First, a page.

Because of Jim’s mobility issues, however, we spent most of our time on the ship. We decided that Quebec City, our first stop, would be a bit too strenuous for us to explore, but I did select a couple of very interesting and enjoyable shore excursions further on. The one on Prince Edward Island province took us on a bus tour around the island. The highlight was a visit to the family home and farm where Lucy Maud Montgomery, the author of “Anne of Green Gables” books spent much of her childhood and her stories and books of Anne were based on her memories of that farm. 

The farm home did, indeed, have green gables and a lot of the original furnishings that Lucy described in her books.

The next day, we took a seven-hour trip to Cape Breton, on the east end of Nova Scotia, where we toured the historic Fortress of Louisbourg, built and occupied by the French in the 1700s and later by the British. It is in the process of being restored as a National Historic Site. We experienced the living history of soldiers in blue French uniforms and red British uniforms guarding the ramparts with long rifles and muskets.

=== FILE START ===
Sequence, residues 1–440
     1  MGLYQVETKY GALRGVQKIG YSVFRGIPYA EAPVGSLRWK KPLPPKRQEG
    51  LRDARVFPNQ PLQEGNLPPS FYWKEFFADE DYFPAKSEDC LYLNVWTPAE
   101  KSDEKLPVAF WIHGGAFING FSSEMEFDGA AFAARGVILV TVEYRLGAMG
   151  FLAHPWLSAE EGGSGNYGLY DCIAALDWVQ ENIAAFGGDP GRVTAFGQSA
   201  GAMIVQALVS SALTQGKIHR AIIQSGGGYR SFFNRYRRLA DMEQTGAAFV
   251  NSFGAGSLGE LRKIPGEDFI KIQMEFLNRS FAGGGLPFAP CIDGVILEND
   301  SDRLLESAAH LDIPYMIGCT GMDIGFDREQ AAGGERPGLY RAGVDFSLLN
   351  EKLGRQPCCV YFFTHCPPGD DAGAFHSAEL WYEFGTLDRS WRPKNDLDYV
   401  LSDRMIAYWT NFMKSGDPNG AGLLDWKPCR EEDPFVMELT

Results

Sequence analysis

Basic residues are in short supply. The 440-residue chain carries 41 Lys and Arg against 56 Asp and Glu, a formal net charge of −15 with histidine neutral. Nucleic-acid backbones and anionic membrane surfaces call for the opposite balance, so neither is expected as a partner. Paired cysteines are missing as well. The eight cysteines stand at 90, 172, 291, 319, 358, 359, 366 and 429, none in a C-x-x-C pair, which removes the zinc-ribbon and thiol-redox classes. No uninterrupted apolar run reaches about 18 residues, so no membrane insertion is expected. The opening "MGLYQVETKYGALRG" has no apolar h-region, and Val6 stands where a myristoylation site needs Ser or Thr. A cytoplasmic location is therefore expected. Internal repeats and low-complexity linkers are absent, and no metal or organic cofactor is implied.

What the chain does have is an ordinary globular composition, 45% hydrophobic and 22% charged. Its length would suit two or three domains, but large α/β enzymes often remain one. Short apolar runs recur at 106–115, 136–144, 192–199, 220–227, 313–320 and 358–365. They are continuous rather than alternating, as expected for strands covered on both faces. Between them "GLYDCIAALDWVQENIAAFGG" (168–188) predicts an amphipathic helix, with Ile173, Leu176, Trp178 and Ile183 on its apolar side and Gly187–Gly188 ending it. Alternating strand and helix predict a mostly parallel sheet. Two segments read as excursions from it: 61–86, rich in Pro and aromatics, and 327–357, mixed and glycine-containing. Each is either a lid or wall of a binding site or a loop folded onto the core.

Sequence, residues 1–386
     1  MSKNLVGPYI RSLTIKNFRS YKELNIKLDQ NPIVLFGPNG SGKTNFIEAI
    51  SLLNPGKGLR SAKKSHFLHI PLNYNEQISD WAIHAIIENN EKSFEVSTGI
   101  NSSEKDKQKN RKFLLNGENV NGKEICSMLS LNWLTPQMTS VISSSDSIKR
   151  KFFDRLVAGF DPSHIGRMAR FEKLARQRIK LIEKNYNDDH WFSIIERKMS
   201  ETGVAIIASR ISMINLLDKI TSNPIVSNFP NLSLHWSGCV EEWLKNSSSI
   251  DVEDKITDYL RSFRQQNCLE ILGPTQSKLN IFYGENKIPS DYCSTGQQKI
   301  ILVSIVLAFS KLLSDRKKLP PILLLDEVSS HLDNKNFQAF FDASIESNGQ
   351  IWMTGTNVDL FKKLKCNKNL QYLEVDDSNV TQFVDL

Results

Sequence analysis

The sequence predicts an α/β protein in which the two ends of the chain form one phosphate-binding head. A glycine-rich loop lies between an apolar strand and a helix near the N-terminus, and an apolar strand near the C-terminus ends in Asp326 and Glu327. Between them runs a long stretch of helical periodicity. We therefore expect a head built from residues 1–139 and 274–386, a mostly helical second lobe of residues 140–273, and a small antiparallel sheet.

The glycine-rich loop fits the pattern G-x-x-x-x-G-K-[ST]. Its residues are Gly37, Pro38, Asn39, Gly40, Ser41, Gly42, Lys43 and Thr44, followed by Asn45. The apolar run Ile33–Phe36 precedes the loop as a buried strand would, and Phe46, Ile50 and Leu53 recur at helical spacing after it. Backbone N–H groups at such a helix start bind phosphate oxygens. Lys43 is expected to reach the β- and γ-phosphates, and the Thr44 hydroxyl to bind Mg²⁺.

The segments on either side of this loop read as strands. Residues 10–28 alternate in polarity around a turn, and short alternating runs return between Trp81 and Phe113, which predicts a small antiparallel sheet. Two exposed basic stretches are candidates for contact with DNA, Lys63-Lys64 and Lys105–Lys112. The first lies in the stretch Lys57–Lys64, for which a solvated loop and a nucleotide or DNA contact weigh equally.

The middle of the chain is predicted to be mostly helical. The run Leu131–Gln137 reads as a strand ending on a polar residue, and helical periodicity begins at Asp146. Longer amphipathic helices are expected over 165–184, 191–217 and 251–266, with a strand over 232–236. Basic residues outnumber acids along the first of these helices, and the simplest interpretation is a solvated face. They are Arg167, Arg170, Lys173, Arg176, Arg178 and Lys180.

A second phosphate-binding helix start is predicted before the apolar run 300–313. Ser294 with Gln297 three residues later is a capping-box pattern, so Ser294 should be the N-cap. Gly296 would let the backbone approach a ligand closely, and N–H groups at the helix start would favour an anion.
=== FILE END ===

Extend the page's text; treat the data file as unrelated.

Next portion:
We also toured the beautiful area around Sydney, Nova Scotia, where lobsters are harvested each year. When we were there, lobster season was winding down to the end. Lobster pots dotted the ocean and bays surrounding our ship as the captain carefully wended our way through the many symbols of their precious industry.

When we disembarked from the ship the last time in Boston, we were shuttled to Logan Airport where we flew back to Eugene and a wonderful homecoming of family who had gathered at our place where they had completed some much-needed projects for us.

* * *

Now that we are home, I am trying to settle us into a way of life that will allow Jim and me to focus on each other — trying to get the most out of where this next step of our journey through disability and advanced age is taking us.